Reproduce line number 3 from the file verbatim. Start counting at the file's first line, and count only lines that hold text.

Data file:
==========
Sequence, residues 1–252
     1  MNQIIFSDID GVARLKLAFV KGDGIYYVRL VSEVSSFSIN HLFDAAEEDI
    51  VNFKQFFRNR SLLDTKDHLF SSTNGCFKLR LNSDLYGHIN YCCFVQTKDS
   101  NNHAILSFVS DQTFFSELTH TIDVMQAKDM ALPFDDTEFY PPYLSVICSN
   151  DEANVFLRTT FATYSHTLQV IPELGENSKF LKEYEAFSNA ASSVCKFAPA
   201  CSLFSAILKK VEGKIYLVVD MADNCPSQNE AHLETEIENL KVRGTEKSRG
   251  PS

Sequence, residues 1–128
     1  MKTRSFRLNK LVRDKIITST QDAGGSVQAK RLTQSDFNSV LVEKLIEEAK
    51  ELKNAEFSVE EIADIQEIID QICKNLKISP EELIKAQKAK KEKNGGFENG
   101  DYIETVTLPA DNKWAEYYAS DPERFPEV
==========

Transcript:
    51  VNFKQFFRNR SLLDTKDHLF SSTNGCFKLR LNSDLYGHIN YCCFVQTKDS